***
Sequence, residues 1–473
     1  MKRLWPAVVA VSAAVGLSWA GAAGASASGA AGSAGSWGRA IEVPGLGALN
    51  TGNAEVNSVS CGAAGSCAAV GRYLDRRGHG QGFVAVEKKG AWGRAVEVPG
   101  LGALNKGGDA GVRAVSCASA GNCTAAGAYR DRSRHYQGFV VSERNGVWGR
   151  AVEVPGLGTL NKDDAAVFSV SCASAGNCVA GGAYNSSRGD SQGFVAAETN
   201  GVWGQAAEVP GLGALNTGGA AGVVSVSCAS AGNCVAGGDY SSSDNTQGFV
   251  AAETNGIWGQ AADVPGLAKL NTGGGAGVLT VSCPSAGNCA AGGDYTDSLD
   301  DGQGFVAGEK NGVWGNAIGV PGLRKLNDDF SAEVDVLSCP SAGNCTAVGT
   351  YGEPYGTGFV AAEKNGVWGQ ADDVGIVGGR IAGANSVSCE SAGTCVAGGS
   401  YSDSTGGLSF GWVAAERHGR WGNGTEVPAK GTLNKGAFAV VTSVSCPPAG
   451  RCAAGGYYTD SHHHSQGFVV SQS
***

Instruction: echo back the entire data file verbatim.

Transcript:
Sequence, residues 1–473
     1  MKRLWPAVVA VSAAVGLSWA GAAGASASGA AGSAGSWGRA IEVPGLGALN
    51  TGNAEVNSVS CGAAGSCAAV GRYLDRRGHG QGFVAVEKKG AWGRAVEVPG
   101  LGALNKGGDA GVRAVSCASA GNCTAAGAYR DRSRHYQGFV VSERNGVWGR
   151  AVEVPGLGTL NKDDAAVFSV SCASAGNCVA GGAYNSSRGD SQGFVAAETN
   201  GVWGQAAEVP GLGALNTGGA AGVVSVSCAS AGNCVAGGDY SSSDNTQGFV
   251  AAETNGIWGQ AADVPGLAKL NTGGGAGVLT VSCPSAGNCA AGGDYTDSLD
   301  DGQGFVAGEK NGVWGNAIGV PGLRKLNDDF SAEVDVLSCP SAGNCTAVGT
   351  YGEPYGTGFV AAEKNGVWGQ ADDVGIVGGR IAGANSVSCE SAGTCVAGGS
   401  YSDSTGGLSF GWVAAERHGR WGNGTEVPAK GTLNKGAFAV VTSVSCPPAG
   451  RCAAGGYYTD SHHHSQGFVV SQS